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More than 20 monasteries have been sued by Naypyidaw Council Ministry of Religious Affairs for refusing to relocate after property was deemed forest land by authorities.
Min Thu, lower house MP, said charging monks and removing monasteries is unfair, and proposed that, “there should be a solution by negotiation, rather than putting monks in jails.”
Union Parliament Speaker Shwe Mann said that cartographic demarcations aren’t always realistic; many people in in Burma — both within the Sangha and the civilian population — simply do not have sufficient records of land ownership.
“The requirement of ‘strong documentation’ is very controversial. Farmers will not have strong documents because in the past there was no regulation to get them,” he said.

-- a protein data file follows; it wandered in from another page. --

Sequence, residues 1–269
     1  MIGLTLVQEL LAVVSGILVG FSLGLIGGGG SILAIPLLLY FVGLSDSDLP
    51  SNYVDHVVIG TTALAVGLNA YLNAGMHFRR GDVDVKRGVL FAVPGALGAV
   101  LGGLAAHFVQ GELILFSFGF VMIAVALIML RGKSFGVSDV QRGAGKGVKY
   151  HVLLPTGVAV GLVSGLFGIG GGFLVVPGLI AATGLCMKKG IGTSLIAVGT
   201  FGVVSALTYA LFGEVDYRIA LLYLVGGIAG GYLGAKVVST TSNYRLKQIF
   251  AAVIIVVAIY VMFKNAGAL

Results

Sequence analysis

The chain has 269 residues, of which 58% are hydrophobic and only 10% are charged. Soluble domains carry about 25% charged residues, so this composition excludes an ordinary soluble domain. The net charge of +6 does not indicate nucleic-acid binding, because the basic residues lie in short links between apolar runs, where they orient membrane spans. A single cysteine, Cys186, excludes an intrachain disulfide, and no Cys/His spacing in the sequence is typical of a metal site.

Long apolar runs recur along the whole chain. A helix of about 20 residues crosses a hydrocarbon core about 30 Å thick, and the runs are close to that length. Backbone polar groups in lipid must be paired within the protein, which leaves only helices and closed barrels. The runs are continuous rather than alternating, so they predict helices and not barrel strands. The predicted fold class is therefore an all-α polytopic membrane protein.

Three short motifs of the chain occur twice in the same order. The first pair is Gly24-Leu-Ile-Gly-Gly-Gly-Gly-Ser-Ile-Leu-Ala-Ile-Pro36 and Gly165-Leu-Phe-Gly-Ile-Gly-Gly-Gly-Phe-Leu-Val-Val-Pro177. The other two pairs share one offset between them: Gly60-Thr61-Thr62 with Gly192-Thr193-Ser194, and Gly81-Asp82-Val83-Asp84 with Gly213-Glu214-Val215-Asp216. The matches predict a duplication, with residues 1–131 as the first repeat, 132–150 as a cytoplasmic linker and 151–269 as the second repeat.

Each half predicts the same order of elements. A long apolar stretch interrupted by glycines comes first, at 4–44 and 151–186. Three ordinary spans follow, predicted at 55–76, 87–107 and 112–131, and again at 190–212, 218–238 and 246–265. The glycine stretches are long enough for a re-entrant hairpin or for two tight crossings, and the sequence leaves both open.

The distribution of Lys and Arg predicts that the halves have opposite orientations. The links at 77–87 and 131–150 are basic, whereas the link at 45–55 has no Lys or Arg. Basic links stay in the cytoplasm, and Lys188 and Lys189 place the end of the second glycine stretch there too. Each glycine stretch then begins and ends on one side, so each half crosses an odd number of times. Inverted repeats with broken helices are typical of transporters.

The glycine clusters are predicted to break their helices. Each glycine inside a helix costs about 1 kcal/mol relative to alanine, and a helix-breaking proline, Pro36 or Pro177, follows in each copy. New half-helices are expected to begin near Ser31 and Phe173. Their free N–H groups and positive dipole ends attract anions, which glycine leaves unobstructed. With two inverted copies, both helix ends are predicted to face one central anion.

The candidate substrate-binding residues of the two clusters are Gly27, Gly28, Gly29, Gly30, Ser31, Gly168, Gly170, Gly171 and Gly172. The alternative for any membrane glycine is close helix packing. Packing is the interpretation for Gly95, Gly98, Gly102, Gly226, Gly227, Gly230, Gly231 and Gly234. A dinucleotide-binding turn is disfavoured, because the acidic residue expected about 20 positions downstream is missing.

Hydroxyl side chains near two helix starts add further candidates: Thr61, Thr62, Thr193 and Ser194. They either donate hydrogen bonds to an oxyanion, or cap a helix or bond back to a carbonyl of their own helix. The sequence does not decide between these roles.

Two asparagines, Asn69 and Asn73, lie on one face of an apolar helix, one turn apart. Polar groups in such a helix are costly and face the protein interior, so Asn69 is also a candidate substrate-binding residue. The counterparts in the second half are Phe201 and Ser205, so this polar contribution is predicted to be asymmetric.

Sayadaw Aindra from Nyaung Hnitpin Monastery, which was removed, said they will continue to dispute the government’s charges that they are illegally occupying land.
“We have records of donations made to us. We built the monastery in line with the rules and regulations of the monk council. We didn’t intrude on forest land or farm land. We didn’t cross the lines of the monk council,” he said.
Of the 37 monasteries that had been built in the Naypyidaw Council’s jurisdiction, 13 were removed and more than 20 are now facing legal action for contesting the order vacate.